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“That was wicked fun because I know how to build houses,” said Grenham. “Learning how to build all of the sound stuff was kind of awesome. If I was smart, I would make a lot of money doing that.”

The Shop’s live room has a couple unique aspects that aren’t immediately noticeable. First – drawing inspiration from Marcata – the walls were installed crooked on purpose. Second, none of the walls are actually touching each other.

“None of these walls are parallel – this one tilts back, they all have very little angles,” said Grenham. “You don’t notice it when you walk in, you’re not like ‘oh my God, this is a crazy house.'”

“You know, not like many degrees of an angle difference, just a tiny shimmy, just enough to make it sound the way it sounds,” said DeLuca.

The space wasn’t entirely finished until October 2007, though the first record was made in the uncompleted space in August 2007.

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“I remember we had holes in the ceiling and no tape machine,” said DeLuca. “We didn’t have the endless money of being able to throw it together at once, with the gear and everything else. You know, piece by piece.”

DeLuca and Grenham acquired the gear the studio through careful Craigslist and eBay searching. Grenham has also built (and is still building) many of the amplifiers in the studio, which the Shop either keeps in house or sells.

Before, during and after construction, the two men continued to collect equipment, including the Shop’s tape machine, Neotek console and Steinway piano, which belonged to DeLuca from childhood.

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“That was one of the main things – live room sound, have to have real pianos,” said Grenham.

Grenham and DeLuca are co-owners of the studio. DeLuca is also the head (and only) engineer. DeLuca is a conservatory-trained pianist who’s been working on both sides of a console in various forms since college. He plays guitar, bass, piano, organ and sings in various projects including Blinders, Faces on Film and Titus Andronicus. Grenham and DeLuca also both play in the New Lights.

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Titus Andronicus Live at the Soul Shop

The Shop is used as a recording space the majority of the time. However, the live room has also been used as a low-key show venue. DeLuca plays keyboard for the band Titus Andronicus and the Shop has hosted the band twice for secret shows for family and friends. The most recent show occurred in August 2014 while Titus was on their most recent Northeast tour. Blinders and Wicked Kind (members of Titus Andronicus) also played.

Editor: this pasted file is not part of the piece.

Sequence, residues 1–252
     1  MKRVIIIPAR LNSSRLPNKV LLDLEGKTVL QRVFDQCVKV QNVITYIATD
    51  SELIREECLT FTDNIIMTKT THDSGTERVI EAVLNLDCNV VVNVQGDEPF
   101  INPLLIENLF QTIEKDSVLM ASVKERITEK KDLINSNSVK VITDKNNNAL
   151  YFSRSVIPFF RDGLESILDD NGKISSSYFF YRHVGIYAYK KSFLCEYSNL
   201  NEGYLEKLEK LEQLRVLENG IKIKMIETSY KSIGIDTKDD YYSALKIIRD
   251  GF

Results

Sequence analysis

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Since the Shop opened, it’s been witness to dozens of different artists and bands from a slew of genres.

Guitarist Will Graefe, of Brooklyn, recorded at the Shop for the first time in 2008 with his guitar, saxophone and drums trio Dikembe’s Mutombo. The trio recorded live to 2-track tape in four hours. Since then, Graefe estimates he’s recorded at the Shop between 10 and 20 times on various projects including Wilder Maker, Katie Von Schleicher, the Soul Shop’s 2013 Christmas Record and his own solo project. Graefe also currently plays guitar with his main project Star Rover.

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Soul Shop Christmas Records

For the past two years, the Soul Shop has produced and released a Christmas record. The 2014 record, titled “Christmas Alone With You” featured originals and covers from a number of Boston bands including Parks, Abadabad, Blinders, Quarterly, Faces on Film and the Low In Between.

Take a listen to this year’s production process:

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Graefe says recording at the Shop is unique because it offers a transparent and comfortable process for recording.

“Elio eliminates a lot of the typical barriers that can inhibit spontaneity and risk,” said Graefe. “Often times, (there’s) no isolation, no head phones, no computers- just capturing the people in the room with warmth and honesty and grit and cuts and bruises, too. There’s an accountability about that.”

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Musician Katie Von Schleicher is also a regular client and friend at the Shop. She’s recorded there with Wilder Maker, Sleepy Very Sleepy, and her own solo work, among other projects.